Sunday, July 02, 2006

My name in print

As I was coming out of the 8 AM service this morning, a parishioner came up to me and congratulated me on being in print. After that column from Cal Thomas, and my reply to the editors of the Intelligencer, my letter apparently rated enough to get into Sunday's edition of the paper. Go figure, they printed the whole, slightly esoteric, and certainly verbose submission. I knew it was too long when several people noted that I could have gotten by with the last three paragraphs. Of course. But, would I be me? Nah....

;)

Seriously, though, there has been an amazing amount of press around the issues that the Anglican Communion is facing nowadays. Even my predecessor, David Anderson-now rector of St. Luke's, Darien got some press time. In a New York Times article doing some mop up on the results of General Convention, a reporter paid a visit to his parish for their "report back" and his ruminations on the "crisis." Good stuff. I also commend my colleague, +Scott Barker's blog for a column he has pasted in from the UK's Guardian. All of that over the issues of sexuality and gender.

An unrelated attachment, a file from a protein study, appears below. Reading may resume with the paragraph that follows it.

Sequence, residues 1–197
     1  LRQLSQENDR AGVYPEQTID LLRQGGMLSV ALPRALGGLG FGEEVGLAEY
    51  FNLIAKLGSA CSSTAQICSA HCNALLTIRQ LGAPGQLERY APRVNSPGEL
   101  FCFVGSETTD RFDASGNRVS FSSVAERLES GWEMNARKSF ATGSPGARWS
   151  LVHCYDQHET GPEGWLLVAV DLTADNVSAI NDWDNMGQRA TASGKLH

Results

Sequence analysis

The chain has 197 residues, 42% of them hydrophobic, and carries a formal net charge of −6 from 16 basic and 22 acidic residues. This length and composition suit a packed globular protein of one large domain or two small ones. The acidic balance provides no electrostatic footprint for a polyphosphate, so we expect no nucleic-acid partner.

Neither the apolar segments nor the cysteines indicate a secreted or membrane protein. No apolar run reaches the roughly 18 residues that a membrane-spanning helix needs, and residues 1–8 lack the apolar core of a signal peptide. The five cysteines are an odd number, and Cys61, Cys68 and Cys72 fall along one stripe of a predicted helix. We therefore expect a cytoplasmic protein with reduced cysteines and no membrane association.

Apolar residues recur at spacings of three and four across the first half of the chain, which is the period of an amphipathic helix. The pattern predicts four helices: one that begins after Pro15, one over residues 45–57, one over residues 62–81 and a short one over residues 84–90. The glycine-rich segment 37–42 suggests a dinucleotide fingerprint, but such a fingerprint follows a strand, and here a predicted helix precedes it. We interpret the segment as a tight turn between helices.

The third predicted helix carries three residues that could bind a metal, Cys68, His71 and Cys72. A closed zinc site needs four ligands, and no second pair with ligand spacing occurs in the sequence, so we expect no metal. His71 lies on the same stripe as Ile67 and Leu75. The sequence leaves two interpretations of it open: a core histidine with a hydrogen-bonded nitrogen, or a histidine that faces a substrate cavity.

Reality for me is that I feel heartened that we actually spent more time as a denomination talking about money, social justice and the expansion of mission last month as a Church. As we recover from the floods in this region, I am proud of a church that chooses to care for its neighbors, rather than condemn them. I am excited about a Church that chooses to attempt to embrace the center, when the extremes seem to find time only to embrace deeper division.

Today, with a passage from Deuteronomy under my belt as a preacher, and with the healing of Jairus' daughter providing more fodder, I talked about our call to serve and love our neighbors. Even in the midst of the blatant testiness that we can too readily extend to others. In one passage, the writer enjoins the reader NOT to clench hands on money that could serve to relieve the suffering of another-even if the desire is NOT there to offer up assistance. Jesus persists with his ministrations to a little girl, even in the midst of rebuke, rejection and derision.

Why NOT do what we can to be in community? Why PERSIST in conflict and recrimination when people starve and ache and die when they don't need to? Sounds slightly silly to stress about what +++Rowan thinks of us, really, when people need to have their basements pumped out, when people who struggle for identity in the midst of oppression to live peaceful lives.

Time to get on with being Gospel people.

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